The DIDET digital library and VLE approach places much of the responsibility for managing the digital library work flow into the hands of students, as well as academics and librarians. Student responsibilities include the application of metadata, as well as conventional information literacy competencies such as ascertaining information resource provenance, investigating intellectual property rights and/or digital rights management implications, before depositing digital resources within the library. This has obviously laid bare numerous research issues relating to future digital library and VLE design, student information literacy, the use of ICT in education and design, and related pedagogical issues, all of which are worthy of further investigation within the UK HE community and will be elucidated in this paper. More importantly, this paper will argue that such a model signifies a definite impasse in the evolution of e-learning models and questions the degree to which current information literacy models are effective in specific e-learning contexts. The paper will conclude by further recognising that greater student information literacy skills are necessary to unlock the potential of such radical approaches to e-learning and digital library creation.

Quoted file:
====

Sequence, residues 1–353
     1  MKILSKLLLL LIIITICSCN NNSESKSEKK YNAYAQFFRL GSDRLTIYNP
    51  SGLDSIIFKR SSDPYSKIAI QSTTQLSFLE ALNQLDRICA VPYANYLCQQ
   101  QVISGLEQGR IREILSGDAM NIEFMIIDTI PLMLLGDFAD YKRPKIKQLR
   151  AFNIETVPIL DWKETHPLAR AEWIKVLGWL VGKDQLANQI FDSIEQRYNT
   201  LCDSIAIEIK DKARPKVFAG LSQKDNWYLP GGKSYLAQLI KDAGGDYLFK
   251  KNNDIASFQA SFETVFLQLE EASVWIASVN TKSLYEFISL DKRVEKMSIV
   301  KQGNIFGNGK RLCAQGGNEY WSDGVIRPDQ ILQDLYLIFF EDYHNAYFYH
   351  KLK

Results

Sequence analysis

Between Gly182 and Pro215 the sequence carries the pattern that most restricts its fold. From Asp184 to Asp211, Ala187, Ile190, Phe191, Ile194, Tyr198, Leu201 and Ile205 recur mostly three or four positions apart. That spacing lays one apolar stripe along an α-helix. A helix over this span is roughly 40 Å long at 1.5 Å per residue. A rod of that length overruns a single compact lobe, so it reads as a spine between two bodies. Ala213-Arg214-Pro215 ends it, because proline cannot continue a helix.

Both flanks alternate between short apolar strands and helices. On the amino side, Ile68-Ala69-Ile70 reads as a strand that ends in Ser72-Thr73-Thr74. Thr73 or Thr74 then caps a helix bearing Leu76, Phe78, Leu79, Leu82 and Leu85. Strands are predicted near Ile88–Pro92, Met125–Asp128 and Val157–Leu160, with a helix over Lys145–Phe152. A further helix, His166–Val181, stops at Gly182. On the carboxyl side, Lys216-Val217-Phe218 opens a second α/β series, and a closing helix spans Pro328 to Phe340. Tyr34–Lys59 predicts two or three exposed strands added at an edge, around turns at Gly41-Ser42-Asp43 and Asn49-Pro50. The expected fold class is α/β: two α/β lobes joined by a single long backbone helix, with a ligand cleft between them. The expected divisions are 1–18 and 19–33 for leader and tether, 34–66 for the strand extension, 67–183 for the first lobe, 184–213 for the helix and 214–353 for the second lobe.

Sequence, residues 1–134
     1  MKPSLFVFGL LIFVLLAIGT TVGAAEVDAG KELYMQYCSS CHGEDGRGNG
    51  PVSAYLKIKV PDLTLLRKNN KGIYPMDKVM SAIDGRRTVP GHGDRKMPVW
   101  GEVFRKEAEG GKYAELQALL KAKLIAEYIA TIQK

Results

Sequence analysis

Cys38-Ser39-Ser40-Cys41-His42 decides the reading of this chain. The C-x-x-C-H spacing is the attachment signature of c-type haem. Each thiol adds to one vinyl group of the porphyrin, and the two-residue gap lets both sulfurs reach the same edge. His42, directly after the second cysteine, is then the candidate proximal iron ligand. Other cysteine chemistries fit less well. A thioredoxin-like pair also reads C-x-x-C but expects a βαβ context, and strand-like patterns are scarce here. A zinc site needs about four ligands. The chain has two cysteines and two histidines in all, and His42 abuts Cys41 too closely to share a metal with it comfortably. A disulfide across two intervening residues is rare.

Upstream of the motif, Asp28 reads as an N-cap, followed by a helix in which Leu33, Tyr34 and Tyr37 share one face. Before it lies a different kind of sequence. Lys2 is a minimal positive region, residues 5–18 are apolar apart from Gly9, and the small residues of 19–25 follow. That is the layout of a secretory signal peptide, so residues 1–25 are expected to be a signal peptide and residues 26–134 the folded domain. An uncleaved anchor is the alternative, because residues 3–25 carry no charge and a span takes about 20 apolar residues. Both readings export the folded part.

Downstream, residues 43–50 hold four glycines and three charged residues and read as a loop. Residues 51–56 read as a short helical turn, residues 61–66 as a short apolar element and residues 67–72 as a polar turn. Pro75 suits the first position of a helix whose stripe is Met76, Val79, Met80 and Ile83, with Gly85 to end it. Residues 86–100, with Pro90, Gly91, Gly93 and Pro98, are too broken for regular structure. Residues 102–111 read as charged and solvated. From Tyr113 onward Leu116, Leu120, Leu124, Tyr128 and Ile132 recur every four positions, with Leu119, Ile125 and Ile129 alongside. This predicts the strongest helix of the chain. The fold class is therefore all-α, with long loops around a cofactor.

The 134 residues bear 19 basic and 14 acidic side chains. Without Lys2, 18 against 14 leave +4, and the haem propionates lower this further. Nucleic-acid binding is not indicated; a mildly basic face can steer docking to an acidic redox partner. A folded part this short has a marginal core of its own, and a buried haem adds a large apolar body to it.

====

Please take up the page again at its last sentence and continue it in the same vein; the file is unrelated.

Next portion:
Over the past decade, the FMBS of Yaoundé, Cameroon  has increased its computer equipment and improved the access to Internet on its campus with the support of the ministry of higher education and international academic partners. To date, FMBS has about twenty computers dedicated to public use in the library. The Internet connection is provided to the cam- pus by an optical fiber and distributed via cable or wireless to all the FMSB computers. This Internet con- nection has a theoretical bandwidth of 1024 kilobits per second. Currently, there is no policy or strategy on e-learning in FMBS. Furthermore, there are no formal educational content for students or medical residents relying on information technology (ICT). However, ef- forts are made to encourage community members to purchase computers for personal use. In addition, since 4 years, a basic training is delivered on the introduction to computing. Designed for undergraduate students, the objective of this course is to provide them basic com- puter skills.